If a seal is an impression of power, then, the seal of UNM is an impression a history that gives it authority. And that history is one marked by violence, dispossession, and death. Like much paraphernalia relating to power and authority, the masculine figures armed with sword and musket personify just how order and civilization was achieved in the founding of New Mexico—through violence. Spanish colonization entailed the rape, murder, enslavement, and torture  of Indigenous peoples at the hands of conquistadors such as Oñate and de Vargas. The expulsion of the Spanish from Indigenous homelands during the 1680 Pueblo Revolt and their subsequent return were was marked by extreme persecution and prejudice towards Indigenous peoples. Nonetheless, subsequent Mexican independence was also filled with further persecution and oppression. The conclusion of the U.S.-Mexican War and the 1848 Treaty of Guadalupe Hidalgo revealed the true intentions of U.S. and Mexican colonial policy toward Indigenous peoples. The U.S. violated almost every treaty article before the ink was dry, but both the U.S. and Mexico did, however, uphold Article XI, which guarantees that “incursions” into either nation on behalf of the “savage tribes” inhabiting the newly acquired territory would be met with force of “equal dilligence [sic] and energy” by both nations. Indeed, U.S. domination was equally, if not more, brutal and punishing than its progenitors. From forced marches and open air concentration camps for Navajo and Apache prisoners of war at Bosque Redondo, from Indian fighters and Indian killers such as Kit Carson and William Tecumseh Sherman, to mass enclosures and privatization of unneeded Indigenous lands, the early U.S. colonial period in New Mexico is replete with examples of Indigenous genocide and dispossession.

As a fledgling territory, the founding of the University of New Mexico played a pivotal role in the path towards statehood. Founded in 1889 amidst federal Indian policy that advocated the fragmentation of tribal land and the stealing of Indian children from families to be forced into boarding schools, UNM was originally granted acreage as Trust Land, much like many territorial universities in the so-called Western frontier. The subduing and dispossession of Indigenous peoples during this time is largely lamented due to the closing of the frontier; yet out of this unspeakable violence was borne UNM and the state of New Mexico. The 1910 New Mexico Enabling and Ferguson Acts granted the state 13 million acres of Trust Land. Of which, 200,000 acres were granted to public universities like UNM. In total, 5 million acres were reserved for universities, schools, and other institutions. Of the now 9 million surface acres and 12.7 million subsurface acres of Trust Land, about 96% of value extracted from these lands coms from non-renewable resources like oil, gas, and coal. This highly lucrative business attracts over 9,500 oil and gas leases and 166 mineral leases that cover 3.1 million acres for a value of $433 per acre. For fiscal year 2013, revenue generated from these land at a sum of $577 million realized its second highest earning year, down from 2012’s record-setting $658 million. As of 2013, UNM directly benefits from 253,336 surface acres and 344,821 subsurface acres of public Trust Land. From these lands, UNM earned $8.5 million.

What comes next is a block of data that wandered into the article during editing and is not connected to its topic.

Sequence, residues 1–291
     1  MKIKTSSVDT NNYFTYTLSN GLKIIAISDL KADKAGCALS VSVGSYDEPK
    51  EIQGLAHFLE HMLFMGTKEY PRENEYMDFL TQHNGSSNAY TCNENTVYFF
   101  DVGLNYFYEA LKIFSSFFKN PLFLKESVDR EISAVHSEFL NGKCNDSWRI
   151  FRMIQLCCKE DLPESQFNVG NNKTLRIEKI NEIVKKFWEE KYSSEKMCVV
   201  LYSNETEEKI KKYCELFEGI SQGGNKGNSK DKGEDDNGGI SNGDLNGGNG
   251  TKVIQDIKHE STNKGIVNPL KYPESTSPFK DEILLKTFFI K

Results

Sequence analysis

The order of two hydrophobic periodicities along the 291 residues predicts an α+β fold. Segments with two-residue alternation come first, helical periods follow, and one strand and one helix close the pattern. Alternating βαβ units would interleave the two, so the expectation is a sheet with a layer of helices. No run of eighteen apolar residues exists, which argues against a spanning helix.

If we return to how UNM brands itself to create “a sense of unity and pride,” we can begin to think of various ways in which the University narrates itself and its history, how it tells its story. The UNM seal tells a story, too—a story that is celebratory of the anti-Indian violence forged within the University’s history and how it benefits from the dispossession of Indigenous lands. What is perhaps most insidious about the commemoration of colonial conquest is its celebration of two essential actors and perpetrators of genocide—a conquistador and frontiersman—and the sacred and sanctimonious status the seal holds for its alumni and benefactors. As much as the assault on the racist imagery of Indian mascots is seen as a direct assault on the sanctity of whiteness (and settlers) to possess and lay claim to Indigenous lands and bodies, defacing and interrupting the colonial narratives of a university seal will, too, be seen as an assault on a “tradition” and the sanctity of possessive whiteness. But what this “tradition” celebrates and what this sacredness protects can categorically be defined as anti-Indian, or explicitly Indian hating. The stakes are high to talk openly and fluently about colonization and occupation. To do so creates an uncomfortable space of overwhelming hostility and tension. History, after all, is the past’s saturation of our present moment. It cannot be ignored. But to bring it up is to bring it into existence as something to be “dealt with.”